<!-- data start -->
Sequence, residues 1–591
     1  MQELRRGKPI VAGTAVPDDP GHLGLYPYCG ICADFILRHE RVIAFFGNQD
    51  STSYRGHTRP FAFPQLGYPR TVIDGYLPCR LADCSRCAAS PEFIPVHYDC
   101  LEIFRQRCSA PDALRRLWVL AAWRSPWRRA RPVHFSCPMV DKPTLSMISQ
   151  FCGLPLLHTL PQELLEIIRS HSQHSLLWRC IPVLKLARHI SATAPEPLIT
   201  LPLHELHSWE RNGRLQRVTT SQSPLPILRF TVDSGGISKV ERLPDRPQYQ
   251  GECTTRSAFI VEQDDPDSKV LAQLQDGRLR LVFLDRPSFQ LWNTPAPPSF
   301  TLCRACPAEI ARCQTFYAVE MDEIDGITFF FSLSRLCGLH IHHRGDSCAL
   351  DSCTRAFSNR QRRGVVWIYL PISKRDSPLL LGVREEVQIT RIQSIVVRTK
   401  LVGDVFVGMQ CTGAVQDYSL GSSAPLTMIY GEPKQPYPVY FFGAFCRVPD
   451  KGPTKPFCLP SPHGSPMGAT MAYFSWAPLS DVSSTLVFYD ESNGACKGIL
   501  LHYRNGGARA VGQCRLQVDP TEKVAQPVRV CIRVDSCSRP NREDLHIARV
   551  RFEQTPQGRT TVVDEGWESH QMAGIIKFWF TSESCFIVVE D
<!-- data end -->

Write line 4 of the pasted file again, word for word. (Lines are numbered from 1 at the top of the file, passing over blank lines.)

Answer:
   101  LEIFRQRCSA PDALRRLWVL AAWRSPWRRA RPVHFSCPMV DKPTLSMISQ